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September 29, 2015

Feast of the Archangels Michael, Gabriel & Raphael

Jn 1: 47-51

When Jesus saw Nathanael coming toward him, he said of him, “Here is truly an Israelite in whom there is no deceit!” Nathanael asked him, “Where did you get to know me?” Jesus answered, “I saw you under the fig tree before Philip called you.” Nathanael replied, “Rabbi, you are the Son of God! You are the King of Israel!” Jesus answered, “Do you believe because I told you that I saw you under the fig tree? You will see greater things than these.” And he said to him, “Very truly, I tell you, you will see heaven opened and the angels of God ascending and descending upon the Son of Man.”

New Revised Standard Version, copyright 1989, by the National Council of the Churches of Christ in the United States of America. Used by permission. All rights reserved. USCCB approved. http://www.usccb.org/bible/approved-translation

The Goal of the Christian Life Is Joy

As we witnessed during his U.S. visit, Pope Francis is a man of high spirits and good humor—he smiles, laughs and embraces people freely. In today’s Gospel we meet the apostle Nathanael, also someone with a great sense of humor. Before this passage, Nathanael had been told that Jesus came from the insignificant town of Nazareth, a hamlet of only 200 to 400 people.

His response? “Can anything good come from Nazareth?”

We often glaze over that sentence, but it is a real insult of Jesus’ hometown. And what did Jesus do in response? Does he condemn Nathanael? Does he refuse to speak to him? Not at all! In fact he praises him saying that there is no “duplicity” in him. It’s a reminder that Jesus not only tolerated good humor, but welcomed it. In fact, Nathanael was welcomed into the circle of the apostles.

As Pope Francis reminds us so often, the goal of the Christian life is not seriousness, but something else: joy.

—Fr. James Martin, SJ, is the author of our special series of reflections in honor of Pope Francis’ visit to the U.S. Fr. Martin is associate editor of America magazine; a frequent commentator in the media; and author of many books, including, most recently, Jesus: A Pilgrimage and his novel The Abbey.

Prayer

The joy of the gospel fills the hearts and lives of all who encounter Jesus. Those who accept his offer of salvation are set free from sin, sorrow, inner emptiness and loneliness. With Christ joy is constantly born anew.

—Pope Francis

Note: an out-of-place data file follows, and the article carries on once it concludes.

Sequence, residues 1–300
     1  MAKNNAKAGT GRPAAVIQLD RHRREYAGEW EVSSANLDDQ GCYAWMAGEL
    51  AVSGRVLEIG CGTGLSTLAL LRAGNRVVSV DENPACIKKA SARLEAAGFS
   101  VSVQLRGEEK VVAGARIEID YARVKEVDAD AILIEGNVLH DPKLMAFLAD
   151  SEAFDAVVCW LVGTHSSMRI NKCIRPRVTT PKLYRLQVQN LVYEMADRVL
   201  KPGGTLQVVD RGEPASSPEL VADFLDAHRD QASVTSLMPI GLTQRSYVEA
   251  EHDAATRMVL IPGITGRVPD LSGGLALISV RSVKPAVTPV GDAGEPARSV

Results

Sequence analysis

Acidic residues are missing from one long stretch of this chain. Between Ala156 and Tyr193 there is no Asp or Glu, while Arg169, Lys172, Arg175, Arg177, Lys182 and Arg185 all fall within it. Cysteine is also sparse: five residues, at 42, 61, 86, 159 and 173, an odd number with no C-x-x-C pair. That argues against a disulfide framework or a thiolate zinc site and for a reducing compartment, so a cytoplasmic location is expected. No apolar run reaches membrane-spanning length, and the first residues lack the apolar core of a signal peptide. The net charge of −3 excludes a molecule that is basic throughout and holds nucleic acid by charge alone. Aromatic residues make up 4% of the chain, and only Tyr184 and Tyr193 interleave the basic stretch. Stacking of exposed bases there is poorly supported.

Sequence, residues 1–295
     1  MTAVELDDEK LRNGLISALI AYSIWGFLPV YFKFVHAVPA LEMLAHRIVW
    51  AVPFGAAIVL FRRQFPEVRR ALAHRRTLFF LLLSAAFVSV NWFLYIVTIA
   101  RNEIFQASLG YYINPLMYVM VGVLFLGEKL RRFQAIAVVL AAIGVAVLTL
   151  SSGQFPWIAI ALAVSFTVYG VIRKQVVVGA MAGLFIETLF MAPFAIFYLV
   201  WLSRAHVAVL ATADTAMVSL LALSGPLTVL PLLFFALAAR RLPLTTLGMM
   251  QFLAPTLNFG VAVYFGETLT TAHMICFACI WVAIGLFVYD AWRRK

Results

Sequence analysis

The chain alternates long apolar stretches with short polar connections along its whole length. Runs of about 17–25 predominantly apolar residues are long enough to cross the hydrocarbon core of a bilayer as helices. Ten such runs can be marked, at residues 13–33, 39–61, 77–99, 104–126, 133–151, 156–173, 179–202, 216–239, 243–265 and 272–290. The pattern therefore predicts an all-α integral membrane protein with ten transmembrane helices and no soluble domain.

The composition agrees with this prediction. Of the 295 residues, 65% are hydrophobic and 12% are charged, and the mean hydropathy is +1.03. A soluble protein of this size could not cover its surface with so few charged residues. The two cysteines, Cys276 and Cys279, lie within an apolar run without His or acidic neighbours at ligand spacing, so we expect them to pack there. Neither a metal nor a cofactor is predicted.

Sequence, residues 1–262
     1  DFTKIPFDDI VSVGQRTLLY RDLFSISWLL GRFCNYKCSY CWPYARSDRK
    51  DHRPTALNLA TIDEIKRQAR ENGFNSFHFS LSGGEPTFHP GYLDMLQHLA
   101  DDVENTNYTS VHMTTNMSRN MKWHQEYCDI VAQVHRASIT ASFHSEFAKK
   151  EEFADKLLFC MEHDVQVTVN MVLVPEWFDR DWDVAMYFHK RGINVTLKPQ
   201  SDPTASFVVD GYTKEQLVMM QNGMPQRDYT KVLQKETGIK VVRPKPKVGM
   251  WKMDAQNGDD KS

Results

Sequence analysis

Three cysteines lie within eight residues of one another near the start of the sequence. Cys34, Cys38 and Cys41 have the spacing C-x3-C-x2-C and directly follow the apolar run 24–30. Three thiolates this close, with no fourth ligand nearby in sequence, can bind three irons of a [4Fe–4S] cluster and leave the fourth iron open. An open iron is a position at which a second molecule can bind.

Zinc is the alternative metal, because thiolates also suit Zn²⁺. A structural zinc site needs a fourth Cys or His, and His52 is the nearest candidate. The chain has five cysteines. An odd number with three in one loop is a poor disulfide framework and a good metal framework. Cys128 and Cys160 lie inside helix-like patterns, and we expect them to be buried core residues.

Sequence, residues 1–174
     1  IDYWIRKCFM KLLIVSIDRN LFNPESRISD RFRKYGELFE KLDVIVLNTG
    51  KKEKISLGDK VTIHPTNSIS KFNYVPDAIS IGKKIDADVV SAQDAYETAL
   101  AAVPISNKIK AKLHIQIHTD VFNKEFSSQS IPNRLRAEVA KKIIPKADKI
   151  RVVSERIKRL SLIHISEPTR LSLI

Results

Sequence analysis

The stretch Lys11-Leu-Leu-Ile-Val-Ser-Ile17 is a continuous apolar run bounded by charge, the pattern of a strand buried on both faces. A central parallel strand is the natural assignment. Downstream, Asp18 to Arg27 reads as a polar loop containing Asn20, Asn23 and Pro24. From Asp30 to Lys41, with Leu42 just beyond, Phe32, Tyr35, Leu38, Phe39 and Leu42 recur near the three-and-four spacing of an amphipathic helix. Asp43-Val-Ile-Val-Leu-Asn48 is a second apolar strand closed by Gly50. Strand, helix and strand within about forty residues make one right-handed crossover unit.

Please share the Good Word with your friends!

St. Ignatius’s First Principle and Foundation says “The goal of our life is to live with God forever. God, who loves us, gave us life. Our own response of love allows God's life to flow into us without limit.” One of the ways in which we respond to the love God has given us is through prayer, not only personal prayer but community prayer as well. The Pastoral Ministry Center invites members of our Strake Jesuit Community to share their prayers with us: their concerns, joys, thanksgivings, so that we may walk with them in all these times of their lives.





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September 29, 2015

Feast of the Archangels Michael, Gabriel & Raphael

Jn 1: 47-51

When Jesus saw Nathanael coming toward him, he said of him, “Here is truly an Israelite in whom there is no deceit!” Nathanael asked him, “Where did you get to know me?” Jesus answered, “I saw you under the fig tree before Philip called you.” Nathanael replied, “Rabbi, you are the Son of God! You are the King of Israel!” Jesus answered, “Do you believe because I told you that I saw you under the fig tree? You will see greater things than these.” And he said to him, “Very truly, I tell you, you will see heaven opened and the angels of God ascending and descending upon the Son of Man.”

New Revised Standard Version, copyright 1989, by the National Council of the Churches of Christ in the United States of America. Used by permission. All rights reserved. USCCB approved. http://www.usccb.org/bible/approved-translation

The Goal of the Christian Life Is Joy

As we witnessed during his U.S. visit, Pope Francis is a man of high spirits and good humor—he smiles, laughs and embraces people freely. In today’s Gospel we meet the apostle Nathanael, also someone with a great sense of humor. Before this passage, Nathanael had been told that Jesus came from the insignificant town of Nazareth, a hamlet of only 200 to 400 people.

His response? “Can anything good come from Nazareth?”

We often glaze over that sentence, but it is a real insult of Jesus’ hometown. And what did Jesus do in response? Does he condemn Nathanael? Does he refuse to speak to him? Not at all! In fact he praises him saying that there is no “duplicity” in him. It’s a reminder that Jesus not only tolerated good humor, but welcomed it. In fact, Nathanael was welcomed into the circle of the apostles.

As Pope Francis reminds us so often, the goal of the Christian life is not seriousness, but something else: joy.

—Fr. James Martin, SJ, is the author of our special series of reflections in honor of Pope Francis’ visit to the U.S. Fr. Martin is associate editor of America magazine; a frequent commentator in the media; and author of many books, including, most recently, Jesus: A Pilgrimage and his novel The Abbey.

Prayer

The joy of the gospel fills the hearts and lives of all who encounter Jesus. Those who accept his offer of salvation are set free from sin, sorrow, inner emptiness and loneliness. With Christ joy is constantly born anew.

—Pope Francis

Please share the Good Word with your friends!